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Serving food at the proper temperature-> What do you mean by 'proper'?

First time visitors to the UK know beforehand (usually) that the beer may not be cold and the bacon may not be crispy, and they look forward to stretching their cultural norms - part of the novelty of travel.

Not much of a stretch in those cases, clearly, but what are other instances in which you are presented with a dining moment whose temperature is not what you normally encounter, and did it warm your affections or chill your estimation of the location?

I'm thinking of this right now because when I pull cheese out of the fridge for a snack with crackers, I am usually too impatient to wait for it to uncool, so I either eat it as it is out of the fridge or I briefly zap it in the microwave oven --
how much better when a proper cheese course is presented in a French (or wherever) establishment that correctly keeps and serves its wares at the temperature that shows it at its best!

Of course good cheese treated well and served with a flourish is going to be better than standing at the fridge in the kitchen, but there's more to it than that, because what constitutes proper treatment varies depending on where and who is doing the serving, yes?

I hope your comments will not be limited just to cheese :-)

Posted by
2597 posts

For instance, another commonplace besides warm beer in England is red meat on the Continent --
people will warn us wet-behind-the-ears Americans that a real French chef will not serve beef well done,
so don't embarrass yourself.

The optimal phrase is 'a pointe', which is the French version of what here in California is known as 'al punto'.
My dad preferred his meat cooked to a cinder and served immediately out of the broiler ("I like my food hot" he'd bellow)
while civilized / cultured people let meat rest a bit, and they don't burn the juices out of it in the first place.
So what's the tension here between 'proper' and not so much?

Posted by
2146 posts

And quite popular here even is raw minced beef. "Steak Tartare" it is often called, but in Belgium they non-ironically call this "Fillet Americain".

I love having this in a restaurant, but regularly make this myself as well. Needs to be cold as well though.

Posted by
531 posts

I'm very open when it comes to trying food on tours and tried steak tartare during my France tour last year. It was akin to making meatloaf without actually baking it.

First and last time I've had steak tartare. To each their own!

Posted by
294 posts

When I read to title of this thread, my first thought was "proper temperature" means safe temperature. And that can mean different things to different people and different cultures and even different times.

"Proper temperature" meaning served "at the temperature that shows it at its best"? I agree one should at least try it.

Posted by
11368 posts

I have always enjoyed a rare beef tartare but thoughts of meatloaf are far removed, no similarities at all.
I love cheese and usually am too impatient to let it come to room temperature.

Posted by
8662 posts

avirosemail, I also thought it was about safety like khansen. I'm much too plebeian to know what proper might be for many things (Velveeta is good at all temps 😋), or the difference between cultural preference and poor food service. But the thing that comes closest to my mind in both respects is the way that pre-made sandwiches (France, Italy) are often kept at room temperature (bakeries, bars) for hours, with that warm mayonnaise and meat just plotting mischief.

Posted by
23473 posts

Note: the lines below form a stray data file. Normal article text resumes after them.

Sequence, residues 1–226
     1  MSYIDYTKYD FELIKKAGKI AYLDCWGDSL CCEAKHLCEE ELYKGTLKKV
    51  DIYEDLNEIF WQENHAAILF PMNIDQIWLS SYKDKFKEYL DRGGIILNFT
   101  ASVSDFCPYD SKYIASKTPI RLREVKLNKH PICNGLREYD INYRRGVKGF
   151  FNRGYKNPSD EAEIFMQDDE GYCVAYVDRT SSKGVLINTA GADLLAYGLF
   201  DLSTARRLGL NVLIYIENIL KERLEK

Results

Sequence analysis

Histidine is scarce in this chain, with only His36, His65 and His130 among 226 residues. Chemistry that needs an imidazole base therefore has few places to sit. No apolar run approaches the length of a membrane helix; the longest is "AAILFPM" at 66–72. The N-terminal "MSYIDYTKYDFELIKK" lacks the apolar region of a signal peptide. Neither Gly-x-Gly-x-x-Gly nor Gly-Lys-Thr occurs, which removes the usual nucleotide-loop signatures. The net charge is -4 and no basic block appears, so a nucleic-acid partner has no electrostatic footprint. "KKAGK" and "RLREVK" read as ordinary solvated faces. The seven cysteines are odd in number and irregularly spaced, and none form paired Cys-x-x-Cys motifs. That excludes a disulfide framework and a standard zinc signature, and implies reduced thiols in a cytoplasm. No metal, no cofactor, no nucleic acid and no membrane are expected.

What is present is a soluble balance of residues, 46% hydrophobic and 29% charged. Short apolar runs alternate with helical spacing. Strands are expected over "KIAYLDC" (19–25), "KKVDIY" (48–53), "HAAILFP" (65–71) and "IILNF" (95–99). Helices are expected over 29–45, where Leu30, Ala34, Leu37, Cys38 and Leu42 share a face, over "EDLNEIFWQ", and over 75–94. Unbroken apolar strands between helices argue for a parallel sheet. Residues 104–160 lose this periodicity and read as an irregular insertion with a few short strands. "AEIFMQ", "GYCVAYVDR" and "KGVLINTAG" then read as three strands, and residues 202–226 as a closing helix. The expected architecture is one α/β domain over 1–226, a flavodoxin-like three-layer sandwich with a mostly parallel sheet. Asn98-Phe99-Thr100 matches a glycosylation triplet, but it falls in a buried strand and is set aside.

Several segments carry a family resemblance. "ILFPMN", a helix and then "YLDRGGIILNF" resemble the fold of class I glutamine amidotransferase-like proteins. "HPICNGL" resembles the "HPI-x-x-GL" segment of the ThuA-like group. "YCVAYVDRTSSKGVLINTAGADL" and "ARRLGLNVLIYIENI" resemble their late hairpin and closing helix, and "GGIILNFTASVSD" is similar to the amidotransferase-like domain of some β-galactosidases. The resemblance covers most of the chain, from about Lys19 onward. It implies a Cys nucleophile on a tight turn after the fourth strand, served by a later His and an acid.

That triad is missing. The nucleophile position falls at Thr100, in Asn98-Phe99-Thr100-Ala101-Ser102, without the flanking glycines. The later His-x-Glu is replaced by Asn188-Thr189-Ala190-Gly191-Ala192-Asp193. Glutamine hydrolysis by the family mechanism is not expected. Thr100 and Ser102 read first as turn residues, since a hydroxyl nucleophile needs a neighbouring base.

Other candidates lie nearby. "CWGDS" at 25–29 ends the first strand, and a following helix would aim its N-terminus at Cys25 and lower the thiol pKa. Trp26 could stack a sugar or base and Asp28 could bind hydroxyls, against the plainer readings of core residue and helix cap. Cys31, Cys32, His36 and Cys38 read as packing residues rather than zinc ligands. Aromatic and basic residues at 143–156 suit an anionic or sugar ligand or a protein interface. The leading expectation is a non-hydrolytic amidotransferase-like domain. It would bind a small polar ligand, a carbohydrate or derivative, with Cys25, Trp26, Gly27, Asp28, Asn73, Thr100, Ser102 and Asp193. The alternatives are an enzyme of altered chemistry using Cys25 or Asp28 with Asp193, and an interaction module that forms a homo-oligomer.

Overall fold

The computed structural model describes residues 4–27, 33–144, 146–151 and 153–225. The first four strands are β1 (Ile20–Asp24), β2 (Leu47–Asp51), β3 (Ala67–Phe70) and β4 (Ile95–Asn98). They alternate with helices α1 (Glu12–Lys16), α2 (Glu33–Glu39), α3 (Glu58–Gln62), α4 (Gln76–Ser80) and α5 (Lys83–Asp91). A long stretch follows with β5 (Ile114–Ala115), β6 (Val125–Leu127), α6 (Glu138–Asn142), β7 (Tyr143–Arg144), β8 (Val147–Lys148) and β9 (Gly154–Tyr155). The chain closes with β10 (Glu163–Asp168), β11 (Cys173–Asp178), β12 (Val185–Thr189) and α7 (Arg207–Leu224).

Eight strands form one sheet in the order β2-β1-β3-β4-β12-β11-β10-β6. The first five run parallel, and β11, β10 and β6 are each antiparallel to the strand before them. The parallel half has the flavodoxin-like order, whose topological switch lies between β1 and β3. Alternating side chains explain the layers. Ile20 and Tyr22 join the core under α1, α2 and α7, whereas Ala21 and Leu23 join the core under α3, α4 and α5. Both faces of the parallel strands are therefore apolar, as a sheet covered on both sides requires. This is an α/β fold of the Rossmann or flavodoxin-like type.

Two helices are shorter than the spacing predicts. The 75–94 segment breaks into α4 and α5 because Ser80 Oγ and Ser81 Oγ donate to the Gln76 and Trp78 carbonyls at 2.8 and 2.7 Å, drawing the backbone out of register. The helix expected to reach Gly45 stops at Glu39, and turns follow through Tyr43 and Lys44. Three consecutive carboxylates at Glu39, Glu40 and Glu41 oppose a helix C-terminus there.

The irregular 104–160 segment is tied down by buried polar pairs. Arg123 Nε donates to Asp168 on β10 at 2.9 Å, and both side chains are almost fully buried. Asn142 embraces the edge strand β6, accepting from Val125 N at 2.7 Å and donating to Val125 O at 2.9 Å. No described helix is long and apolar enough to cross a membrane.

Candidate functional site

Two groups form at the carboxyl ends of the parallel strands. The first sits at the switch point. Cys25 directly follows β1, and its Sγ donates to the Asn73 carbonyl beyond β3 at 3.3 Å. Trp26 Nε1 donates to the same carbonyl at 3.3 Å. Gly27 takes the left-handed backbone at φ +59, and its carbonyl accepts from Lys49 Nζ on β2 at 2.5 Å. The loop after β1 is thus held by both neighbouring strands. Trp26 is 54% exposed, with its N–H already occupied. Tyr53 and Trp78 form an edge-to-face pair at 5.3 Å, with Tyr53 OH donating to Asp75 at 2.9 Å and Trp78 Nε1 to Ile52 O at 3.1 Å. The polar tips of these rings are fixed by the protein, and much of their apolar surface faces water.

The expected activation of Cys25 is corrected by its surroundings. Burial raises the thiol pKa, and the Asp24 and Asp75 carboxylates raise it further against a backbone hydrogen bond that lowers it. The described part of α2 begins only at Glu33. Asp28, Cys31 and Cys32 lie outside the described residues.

If the locals are eating it and they appear to be health, I will join them. There are some things that I am not overly fond of on either side of the ocean and that stays the same.

Posted by
8662 posts

I'll add that I cannot bear to eat sausages (bangers or wurst) that are just that barely cooked light gray color.

Posted by
3995 posts

Last month at a Viennese heuringer I was happy that they offered potato and other marinated salads to go with the schnitzel I has ordered. When asked if I want potato salad from the refrigerated case or room temperature, that was even better, room temperature please.

Posted by
8885 posts

First pint of Guinness I had was served warm. Will still drink it that way but also enjoyed it chilled.

I’m throwing this every day food into the “ proper “ discussion.

Butter; refrigerated or not…..inquiring minds want to know

Posted by
2597 posts

Claudia, some years back I went a little kooky looking for butter bells and other means of keeping butter without refrigeration,
because 'authentic' because 'traditional' and so on, as well as taste and ease-of-use,
and I never got anything set up that worked very well.
I keep butter in the freezer and chip off enough for a few days at a time, kept in a covered butter dish in the door in the fridge.

Posted by
1344 posts

the beer may not be cold

It has been many years since I had a warm beer in a restaurant/bar :-(

These days I need to be patient while the beer reaches room temperature - or buy one for the warm up period, and one to enjoy at room temperature ;-)

On a warm day or after hot work a cold lager, bitter or pale ale can be delicious, but darker beers like brown ale, porter, stout or Guinness must be at room temperature to enjoy the taste.

Posted by
1624 posts

Bottled Guinness can be poured at any temperature. Any landlord worth his salt or chalky water will only pour Guinness when it is around 40.0F. Of course, you can wait for it to warm up before you drink it, and the flavour and mouthfeel will be different. Draught Guinness doesn't pour properly at room temperature, mainly to do with the nitrogen used for carbonation.

The best ales are served at cellar temperature, around 55.0F, not 'room' temperature.

Posted by
531 posts

When I first traveled to France back in 2018, I bought eggs from a Carrefour and they were sitting out at room temp. I had never seen this before but just went with the flow. Also saw the stark difference between the yolk color there (dark orange) and the common US chicken egg (dark yellow).

They were the best eggs I've ever had!

Posted by